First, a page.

Connect with us

Hi, what are you looking for?


IoT Security

New Mirai Variant Hides C&C Server on Tor Network

A recently discovered variant of the Mirai Internet of Things (IoT) malware is using a command and control (C&C) server on the Tor network, Trend Micro’s security researchers have discovered. 

A recently discovered variant of the Mirai Internet of Things (IoT) malware is using a command and control (C&C) server on the Tor network, Trend Micro’s security researchers have discovered. 

Ever since Mirai’s source code was posted online in October 2016, miscreants have released variants of the malware to expand its targeting capabilities and ensnare as many devices as possible in distributed denial of service (DDoS)-capable botnets. 

Some of the best known Mirai spawns include Echobot, Wicked, Satori, Okiru, Masuta, and Miori, but others have been observed over the years as well, including a variant that specifically targets business devices. Recently, a Mirai-based botnet was used in a massive 292,000 RPS Layer 7 assault

The newly discovered Mirai sample, Trend Micro points out, is proof that cybercriminals continue to develop and use the malware’s code despite the massive attention it has received over the years. 

Just as other Mirai iterations out there, the new variant allows attackers to remotely access and control IoT devices such as IP cameras and DVRs, using exposed ports and default credentials. The infected devices can be then leveraged for DDoS assaults using various methods. 

What sets the new version apart, however, is the fact that its author has placed the botnet’s command and control (C&C) server on the Tor anonymity network, in an attempt to prevent security researchers from taking it down. 

The new sample also has a total of 30 hard-coded IP addresses and uses a socks5 protocol initial handshake message, with all of the hard-coded servers being socks proxies to the Tor network.

Advertisement. Scroll to continue reading.

The malware would select a random server as proxy, would then start the connection with socks5, and then query it to relay packets to a C&C server with the address nd3rwzslqhxibkl7[.]onion:1356. If the relay connection fails, the malware attempts the process with another proxy server. 

“Connecting to the C&C with a Tor proxy in a testing environment, we confirmed this as it returned a login prompt for the attacker, exactly the same prompt as other C&C servers have returned with previous Mirai variants,” Trend Micro reveals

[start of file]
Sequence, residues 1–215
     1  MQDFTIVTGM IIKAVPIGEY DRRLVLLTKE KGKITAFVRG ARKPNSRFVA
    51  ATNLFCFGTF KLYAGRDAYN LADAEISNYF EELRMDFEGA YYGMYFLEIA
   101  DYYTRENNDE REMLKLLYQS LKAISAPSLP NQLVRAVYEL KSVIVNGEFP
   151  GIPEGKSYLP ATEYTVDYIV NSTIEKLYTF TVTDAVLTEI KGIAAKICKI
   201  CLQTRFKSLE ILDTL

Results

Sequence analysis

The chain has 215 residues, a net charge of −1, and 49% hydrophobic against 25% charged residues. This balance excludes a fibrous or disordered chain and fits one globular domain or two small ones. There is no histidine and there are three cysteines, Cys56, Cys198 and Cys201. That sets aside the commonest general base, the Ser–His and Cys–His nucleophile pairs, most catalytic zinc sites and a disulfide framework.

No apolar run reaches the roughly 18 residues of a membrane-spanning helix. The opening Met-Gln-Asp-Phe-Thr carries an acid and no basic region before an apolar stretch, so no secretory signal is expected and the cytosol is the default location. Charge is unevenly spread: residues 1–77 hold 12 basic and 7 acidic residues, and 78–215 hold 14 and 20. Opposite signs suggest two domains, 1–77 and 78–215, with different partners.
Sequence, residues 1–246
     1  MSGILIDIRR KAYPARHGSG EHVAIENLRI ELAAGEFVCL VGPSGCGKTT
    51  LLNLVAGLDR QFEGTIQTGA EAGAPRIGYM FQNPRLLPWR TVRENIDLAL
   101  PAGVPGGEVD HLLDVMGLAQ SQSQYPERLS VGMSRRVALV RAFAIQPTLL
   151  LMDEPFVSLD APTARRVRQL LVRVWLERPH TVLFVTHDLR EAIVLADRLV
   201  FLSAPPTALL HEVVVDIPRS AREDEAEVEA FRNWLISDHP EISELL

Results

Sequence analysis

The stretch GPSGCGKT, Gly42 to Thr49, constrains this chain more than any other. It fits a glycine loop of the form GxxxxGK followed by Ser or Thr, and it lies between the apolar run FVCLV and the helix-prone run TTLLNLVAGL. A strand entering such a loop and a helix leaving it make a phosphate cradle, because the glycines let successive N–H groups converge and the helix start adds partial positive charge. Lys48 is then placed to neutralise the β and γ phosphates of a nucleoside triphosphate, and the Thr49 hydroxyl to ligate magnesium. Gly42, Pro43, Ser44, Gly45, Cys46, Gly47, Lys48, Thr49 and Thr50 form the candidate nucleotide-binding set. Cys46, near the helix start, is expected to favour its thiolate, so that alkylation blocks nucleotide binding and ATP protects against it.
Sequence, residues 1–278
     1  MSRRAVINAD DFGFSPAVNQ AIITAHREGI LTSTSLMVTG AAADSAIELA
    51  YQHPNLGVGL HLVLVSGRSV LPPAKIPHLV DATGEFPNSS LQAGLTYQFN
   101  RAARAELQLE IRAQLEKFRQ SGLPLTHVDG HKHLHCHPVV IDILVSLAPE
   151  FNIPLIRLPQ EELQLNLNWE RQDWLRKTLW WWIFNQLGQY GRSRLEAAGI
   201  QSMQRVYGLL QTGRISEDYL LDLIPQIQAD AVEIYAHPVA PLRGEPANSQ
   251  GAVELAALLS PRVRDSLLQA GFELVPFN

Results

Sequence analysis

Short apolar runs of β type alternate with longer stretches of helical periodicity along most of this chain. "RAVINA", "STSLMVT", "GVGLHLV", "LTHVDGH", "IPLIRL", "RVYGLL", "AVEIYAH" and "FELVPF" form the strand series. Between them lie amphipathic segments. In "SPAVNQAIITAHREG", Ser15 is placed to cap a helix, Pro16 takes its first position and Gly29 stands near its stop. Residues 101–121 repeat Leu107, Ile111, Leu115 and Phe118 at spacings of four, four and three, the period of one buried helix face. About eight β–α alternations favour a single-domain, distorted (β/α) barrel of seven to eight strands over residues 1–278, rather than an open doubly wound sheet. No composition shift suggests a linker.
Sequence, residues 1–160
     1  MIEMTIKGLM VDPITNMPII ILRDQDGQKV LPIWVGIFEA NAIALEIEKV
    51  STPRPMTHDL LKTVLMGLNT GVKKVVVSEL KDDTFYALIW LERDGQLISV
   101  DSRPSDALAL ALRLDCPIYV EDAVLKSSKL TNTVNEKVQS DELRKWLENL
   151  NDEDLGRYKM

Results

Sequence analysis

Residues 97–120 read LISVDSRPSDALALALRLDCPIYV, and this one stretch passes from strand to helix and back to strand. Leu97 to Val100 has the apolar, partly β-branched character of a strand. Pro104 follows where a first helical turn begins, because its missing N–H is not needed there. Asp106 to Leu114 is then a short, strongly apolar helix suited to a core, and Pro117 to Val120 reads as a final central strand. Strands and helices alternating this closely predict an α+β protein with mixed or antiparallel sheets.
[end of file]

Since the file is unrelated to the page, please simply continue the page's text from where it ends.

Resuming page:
The configuration values in this sample were encrypted by XOR with 0x22 (34) and embedded in its binary, a feature observed in other Mirai variants as well. A string “LONGNOSE: applet not found” discovered in the sample could be used to identify it. 

The malware was observed scanning for random IP addresses with TCP ports 9527 and 34567, likely specific to exposed IP cameras and DVRs for remote access and control, Trend Micro says. Possible default credentials for login attempts are located in the threat’s configuration.

“We find this particular sample interesting for the attackers’ decision to place the C&C server in Tor, likely to evade tracking of its IP address and avoiding being shut down when reported to domain hosts. […]While there have been previous reports of other malware having their C&C hidden in Tor, we see this as a possible precedent for other evolving IoT malware families,” Trend Micro concludes. 

Related: Mirai-Based Botnet Launches Massive DDoS Attack on Streaming Service

Related: Mirai Offspring “Echobot” Uses 26 Different Exploits

Written By

Ionut Arghire is an international correspondent for SecurityWeek.

Click to comment

Daily Briefing Newsletter

Subscribe to the SecurityWeek Email Briefing to stay informed on the latest threats, trends, and technology, along with insightful columns from industry experts.

SecurityWeek’s Threat Detection and Incident Response Summit brings together security practitioners from around the world to share war stories on breaches, APT attacks and threat intelligence.


Securityweek’s CISO Forum will address issues and challenges that are top of mind for today’s security leaders and what the future looks like as chief defenders of the enterprise.


Expert Insights

Related Content


The changing nature of what we still generally call ransomware will continue through 2023, driven by three primary conditions.


A recently disclosed vBulletin vulnerability, which had a zero-day status for roughly two days last week, was exploited in a hacker attack targeting the...

IoT Security

A group of seven security researchers have discovered numerous vulnerabilities in vehicles from 16 car makers, including bugs that allowed them to control car...


No one combatting cybercrime knows everything, but everyone in the battle has some intelligence to contribute to the larger knowledge base.

IoT Security

A vulnerability affecting Dahua cameras and video recorders can be exploited by threat actors to modify a device’s system time.

IoT Security

Lexmark warns of a remote code execution (RCE) vulnerability impacting over 120 printer models, for which PoC code has been published.

Malware & Threats

Threat actors are increasingly abusing Microsoft OneNote documents to deliver malware in both targeted and spray-and-pray campaigns.

Malware & Threats

Unpatched and unprotected VMware ESXi servers worldwide have been targeted in a ransomware attack exploiting a vulnerability patched in 2021.